Coaching And The MapQuest ParadigmOct 13th, 2014 | By Tony Stoltzfus | Category: Featured Content, Transformational Coaching
When coaching a client who knows their calling, there is still the question of how to walk it out. For some, following the call is like tiptoeing through a minefield. One false step and it’s over—they’ve missed their call. I call this the MapQuest Paradigm. It sees pursuing a call as following a list of turn-by-turn directions like you’d get off of MapQuest.com. If you haven’t used MapQuest yet, you go to the website, type in the starting point and the destination, and it gives you a complete list of each turn you need to make to get there.
The thing I hate about MapQuest is, without an actual map, if you miss a turn you are totally lost. (That’s why I always print out the map, too.) A simple turn list doesn’t help you visualize the twists and turns of the road, or show which compass direction you should be heading toward, or give you any landmarks en route. It’s a sick feeling to figure out that you missed a turn somewhere 20 miles back (especially at night) and have no idea where you are or how to get back on course.
That’s how many Christians operate. Each decision in life is a turn, and to get to the right destination, you have to follow the directions exactly and get every turn right. If at some point in life you have taken a major wrong turn (say, bankruptcy, divorce or coming to Christ later in life), your calling is lost. In the MapQuest paradigm, there is no way to get back on the highway once you miss a turn—the call has passed you by, and you’ve missed God.
I’ve worked with several individuals who had a sense of call early in life, and for various reasons chose to go in another direction. When that fact resurfaces in their 40’s and 50’s, the question is, “What do I do? Have I completely missed my calling?” How do you coach someone who believes they have taken that big wrong turn?
MapQuest vs. Map
The answer is to switch paradigms. If you have an actual map you travel by instead of just a list of turns, you can find many ways to get to the same destination. You can even make a wrong turn or change your mind along the way and re-plan your route based on your current location. There may be one way that is faster or more direct than the others, but the scenic route will get you there, too.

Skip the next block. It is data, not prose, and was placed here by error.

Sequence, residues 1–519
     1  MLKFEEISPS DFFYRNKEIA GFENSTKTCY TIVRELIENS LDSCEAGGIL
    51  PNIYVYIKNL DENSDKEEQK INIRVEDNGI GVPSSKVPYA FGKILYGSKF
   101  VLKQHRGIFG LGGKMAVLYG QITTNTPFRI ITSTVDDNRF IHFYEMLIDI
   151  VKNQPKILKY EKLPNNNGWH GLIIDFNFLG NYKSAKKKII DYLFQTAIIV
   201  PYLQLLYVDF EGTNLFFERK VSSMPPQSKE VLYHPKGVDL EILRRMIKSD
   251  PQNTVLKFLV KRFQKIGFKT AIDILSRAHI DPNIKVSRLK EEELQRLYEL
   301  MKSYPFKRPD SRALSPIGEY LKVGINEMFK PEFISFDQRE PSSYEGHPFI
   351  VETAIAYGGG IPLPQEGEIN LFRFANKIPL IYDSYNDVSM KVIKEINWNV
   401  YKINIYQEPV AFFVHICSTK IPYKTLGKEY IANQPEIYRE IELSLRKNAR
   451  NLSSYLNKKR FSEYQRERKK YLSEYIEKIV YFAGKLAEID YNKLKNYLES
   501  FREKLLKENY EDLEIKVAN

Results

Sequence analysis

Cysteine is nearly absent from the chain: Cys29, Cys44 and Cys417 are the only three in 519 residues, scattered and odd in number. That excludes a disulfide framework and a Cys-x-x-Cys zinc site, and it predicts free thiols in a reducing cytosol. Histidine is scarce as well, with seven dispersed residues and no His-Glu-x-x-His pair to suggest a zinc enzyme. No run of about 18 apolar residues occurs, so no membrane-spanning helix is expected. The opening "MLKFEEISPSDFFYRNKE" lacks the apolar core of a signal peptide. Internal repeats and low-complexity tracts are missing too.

I think the map image gives a more accurate picture of calling, because a map lets you base your route on principles (interstates are faster than county roads) rather than just blind adherence to a pre-determined plan. In other words, following your call is as much about knowing the ways of God (the principles) as it is knowing exactly where to be, when (the turns).
The MapQuest paradigm is rooted in a worldview that says that life is a series of right and wrong choices—if you make the right ones you are blessed, and if you make the wrong ones, you lose. It’s a pre-Christ worldview: grace and redemption are not part of the picture. In the reality of God’s grace, there is always a future and a hope. No matter where you are starting from, today (and each day) God will take your life and make something great of it.
When you are coaching this legalistic worldview, techniques that bring grace into the picture can be very helpful. For instance, you might ask, “Since Jesus was all about redeeming us from our failures, how does that principle fit with your understanding of following your call?” Another method (which I am stealing from Jesus) is to compare the situation with parenting. “If you gave your son a set of step-by-step directions for cleaning the garage, and he messed up a step, how would you handle it? Would you say, ‘That’s it—you are never going to amount to anything?’ Or would you correct him, do a reset, and have him start again?” Sometimes I’ll simply describe both the Map and MapQuest paradigms, and then ask which approach describes the way they are thinking.
Tony Stoltzfus is an author, leadership coach, master coach trainer and director of the Leadership Metaformation Institute. Additional information on this topic can be found in Tony’s book, The Christian Life Coaching Handbook.